Shortly after reading The Road Ahead in the latest Law Gazette (I will come back to that in a later post), I read Jordan Furlong’s post Lawyers in the smartphone era in Law 21.
I cannot help but feel somewhat depressed by Furlong’s vision of the future for lawyers, the consequence he anticipates of two smartphone-related developments.
The first is that thanks to smartphones, every lawyer is going to be mobile.It’s true that the Blackberry has already made itself a significant presence in the lives of many business lawyers, for better and for worse. But as a general rule, the lawyer’s center of gravity remains where it’s always been: her office, where she keeps her desk, chair, landline phone, files, books, and desktop computer. That center of gravity is now shifting to the lawyer herself. With the smartphones of the near future at her command, that lawyer will be able to do everything on the road — call, e-mail, Web browse, review files, read cases, write memos, etc. — that she now does in the office. In fact, it’ll be expected of her. A lawyer with a smartphone is a walking law firm — one that hardly ever closes. Lawyers who obsessively check their smartphone messages are considered antisocial nuisances today, but before long, they’ll be the norm. I’m not saying that’s good, but I am saying it’s pretty much inevitable.
In many ways, I think we are already there. It may not be smartphones yet in the UK, but the BlackBerry is ubiquitous, and for many lawyers it is not where their desk is that is important, but where their client’s desk is. For lawyers, as for many other professionals, mobility is essential (although I remain to be convinced by the BlackBerry).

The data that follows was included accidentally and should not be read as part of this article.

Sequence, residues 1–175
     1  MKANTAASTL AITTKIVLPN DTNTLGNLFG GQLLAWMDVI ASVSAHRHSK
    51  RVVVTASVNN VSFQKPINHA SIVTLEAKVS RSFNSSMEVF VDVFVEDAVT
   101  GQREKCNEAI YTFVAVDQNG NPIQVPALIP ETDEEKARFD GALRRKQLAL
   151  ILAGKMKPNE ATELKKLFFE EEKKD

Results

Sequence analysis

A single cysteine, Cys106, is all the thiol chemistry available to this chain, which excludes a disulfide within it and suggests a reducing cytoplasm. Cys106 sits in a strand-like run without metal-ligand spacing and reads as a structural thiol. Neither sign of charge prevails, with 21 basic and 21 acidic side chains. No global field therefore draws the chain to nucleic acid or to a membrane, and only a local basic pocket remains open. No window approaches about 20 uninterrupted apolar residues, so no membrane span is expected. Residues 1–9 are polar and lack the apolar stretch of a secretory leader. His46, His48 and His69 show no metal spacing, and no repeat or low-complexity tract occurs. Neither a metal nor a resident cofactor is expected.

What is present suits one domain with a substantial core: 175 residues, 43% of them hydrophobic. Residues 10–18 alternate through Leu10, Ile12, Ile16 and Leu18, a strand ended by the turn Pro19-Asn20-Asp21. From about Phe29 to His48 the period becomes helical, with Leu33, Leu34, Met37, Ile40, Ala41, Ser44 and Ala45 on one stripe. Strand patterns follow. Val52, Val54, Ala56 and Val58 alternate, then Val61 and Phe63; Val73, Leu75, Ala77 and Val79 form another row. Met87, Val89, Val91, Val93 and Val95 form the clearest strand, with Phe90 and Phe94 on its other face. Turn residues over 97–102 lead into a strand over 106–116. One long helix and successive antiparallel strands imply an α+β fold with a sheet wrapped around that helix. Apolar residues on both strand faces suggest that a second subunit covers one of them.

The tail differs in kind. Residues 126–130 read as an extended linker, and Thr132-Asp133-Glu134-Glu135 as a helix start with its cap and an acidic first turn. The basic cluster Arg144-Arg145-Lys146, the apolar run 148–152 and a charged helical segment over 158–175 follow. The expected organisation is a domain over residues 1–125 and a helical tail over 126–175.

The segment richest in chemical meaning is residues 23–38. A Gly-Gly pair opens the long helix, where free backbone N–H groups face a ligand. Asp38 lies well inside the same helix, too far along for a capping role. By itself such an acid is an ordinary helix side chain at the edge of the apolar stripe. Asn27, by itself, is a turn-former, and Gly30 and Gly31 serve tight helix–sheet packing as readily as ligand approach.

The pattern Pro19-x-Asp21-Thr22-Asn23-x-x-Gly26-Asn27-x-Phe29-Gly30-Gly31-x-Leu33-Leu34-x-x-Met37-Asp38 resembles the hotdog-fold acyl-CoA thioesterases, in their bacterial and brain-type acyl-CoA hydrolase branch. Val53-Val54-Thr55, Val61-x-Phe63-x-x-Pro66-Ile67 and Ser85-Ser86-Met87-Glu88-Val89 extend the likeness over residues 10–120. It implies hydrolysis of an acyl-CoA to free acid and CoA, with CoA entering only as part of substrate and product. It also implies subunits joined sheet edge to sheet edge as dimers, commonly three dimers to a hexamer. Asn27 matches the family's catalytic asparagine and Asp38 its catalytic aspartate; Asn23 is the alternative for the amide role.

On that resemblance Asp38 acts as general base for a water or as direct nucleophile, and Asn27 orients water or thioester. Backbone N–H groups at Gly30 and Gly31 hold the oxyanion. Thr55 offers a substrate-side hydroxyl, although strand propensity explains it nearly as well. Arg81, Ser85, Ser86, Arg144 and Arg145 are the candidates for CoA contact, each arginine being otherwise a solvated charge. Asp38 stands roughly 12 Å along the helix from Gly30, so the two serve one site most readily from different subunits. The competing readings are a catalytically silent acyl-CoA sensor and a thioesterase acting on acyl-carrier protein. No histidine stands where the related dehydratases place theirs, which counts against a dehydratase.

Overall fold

And Furlong’s second impact category?
Among the tens of thousands of future applications [being developed by iPhone, BlackBerry, and others] will be many that deliver legal services directly to clients. For lawyers, this development could represent either a threat (yet another way in which computers are reducing traditional lawyer work to a series of algorithms) or an opportunity (someone with legal knowhow and experience has to design those algorithms; why not a law firm?). But either way, over the next decade, smartphones will become a legal service delivery medium. Now’s the time for lawyers to start dealing with that.
Some people will say that there’s no way a simple cellphone will ever be able to do lawyer work. Some people used to say that about computers, too. So I’ll take this opportunity to update one of my axioms: the problem won’t be smartphones doing what lawyers can do; it’ll be lawyers continuing to do what smartphones can do.
2 thoughts on “The mobile lawyer”
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